“ There is no doubt therefore that this Tribunal categorically holds that the Appellant is the Grandson of a British Citizen born in the UK and meets the requirements of the Immigration Rules in that respect.
 There was no Presenting Officer before me to dispute the evidence. The 1st Appellant appeared and gave evidence in support of his appeal.
 I believe the Appellant has discharged the burden of proof incumbent on him on the civil standard”
11. The Secretary of State filed grounds of appeal in support of an application for permission to appeal to the Upper Tribunal. The grounds contended that Judge Andonian had erred in treating the determination of Judge Tipping as disposing of the central issue between the parties, without having given consideration to the ‘new’ evidence provided by the Secretary of State that had not been placed before Judge Tipping. On the 31st March 2011 Upper Tribunal Judge C.N. Lane granted the Secretary of State permission to appeal and thus the matter came before us.
12. Prior to the hearing we drew the parties attention to the reported decision of the Upper Tribunal (Senior Immigration Judge Latter) in Chomanga (binding effect of unappealed decisions) Zimbabwe  UKUT 00312 (IAC), and gave them opportunity to consider their respective positions in light of its conclusions.
13. At the outset of the hearing Ms Tanner requested an adjournment on the basis that (i) another Home Office Presenting Officer, Mr Kandola, had previously had involvement in the appeal and wished to retain conduct of it; (ii) she had assumed that the hearing was listed as a ‘for mention’; and (iii) she had only received the claimants’ skeleton argument on the 24th September 2012.
14. Having considered the Tribunal Procedure (Upper Tribunal) Rules 2008, and in particular rules 2 and 5, we refused to adjourn the hearing. This is an appeal in which there has already been a significant delay, the Secretary of State’s decision having been made approximately two years ago and Ms Tanner made no submission to the effect that she was not sufficiently well prepared to conduct the hearing and, indeed, indicated that she had anticipated that the decision in Chomanga may be seen to be relevant. Further, Ms Tanner could provide no explanation as to why the application for an adjournment was being made for the first time on the morning of the hearing. We, therefore, proceeded to hear the submissions of the parties.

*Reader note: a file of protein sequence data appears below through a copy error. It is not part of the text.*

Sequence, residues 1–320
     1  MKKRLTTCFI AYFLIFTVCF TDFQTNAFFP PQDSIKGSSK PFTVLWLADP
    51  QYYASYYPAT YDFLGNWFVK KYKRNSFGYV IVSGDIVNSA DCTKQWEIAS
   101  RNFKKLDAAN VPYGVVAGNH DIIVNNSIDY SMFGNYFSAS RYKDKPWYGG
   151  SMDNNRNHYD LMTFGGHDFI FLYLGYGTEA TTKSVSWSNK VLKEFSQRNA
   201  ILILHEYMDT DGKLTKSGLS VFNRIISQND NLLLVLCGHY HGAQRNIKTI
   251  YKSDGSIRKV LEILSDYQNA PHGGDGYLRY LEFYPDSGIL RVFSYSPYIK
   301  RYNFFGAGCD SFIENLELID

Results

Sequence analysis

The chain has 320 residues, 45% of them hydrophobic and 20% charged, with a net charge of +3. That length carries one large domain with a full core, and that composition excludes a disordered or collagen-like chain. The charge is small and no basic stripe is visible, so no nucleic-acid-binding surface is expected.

15. The crux of Ms Tanner’s submissions were to the effect that it had been incumbent on Judge Andonian to give consideration to all of the documents that had been placed before him, including those that had not previously been relied upon by the Secretary of State before Judge Tipping. She drew the Tribunal’s attention to these documents and asserted that they demonstrated that the evidence provided by the claimants was not genuine and that they had acted fraudulently.
16. The panel invited Ms Tanner to make submissions as to the relevance of the fact that the ‘new’ documents produced by the Secretary of State before Judge Andonian could, prima facie, have been produced before Judge Tipping. She responded by accepting that the document obtained from the Annals of the Royal College of Surgeon could have been produced before Judge Tipping. She asserted, however, that a number of the letters from the Zimbabwean Central Registry could not have been produced to Judge Tipping because they post-dated his determination.
17. Ms Tanner finally submitted that if the Tribunal were to set aside the determination of the First-tier Tribunal it ought to consider the ‘new’ documents for itself and conclude that the documentation relied upon by the claimants is not genuine. She asserted that, in such circumstances, the claimants’ appeals ought be dismissed.
18. In response, Mr Malik relied upon the contents of his skeleton argument, asserting that the First-tier Tribunal had not erred as claimed, or at all. He submitted that the nature of the relationship between the first claimant and Mr Ernest Alletson had been determined by Judge Tipping and was consequently to be considered as being subject to the principles of res judicata. He drew the Tribunal’s attention to the judgment of the Supreme Court in R (Coke-Wallis) v Institute of Chartered Accountants  UKSC 1. Placing particular reliance on paragraphs 27 and 34 of this judgment, he asserted that a cause of action estoppel operated in the instant appeal so as preclude the Secretary of State, under any circumstance, from seeking to re-litigate the issue of the relationship between the first claimant and Ernest Alletson. He asserted that given that the fact of such relationship was the only issue between the parties before the First-tier Tribunal, the First-tier Tribunal was correct to have allowed the appeals.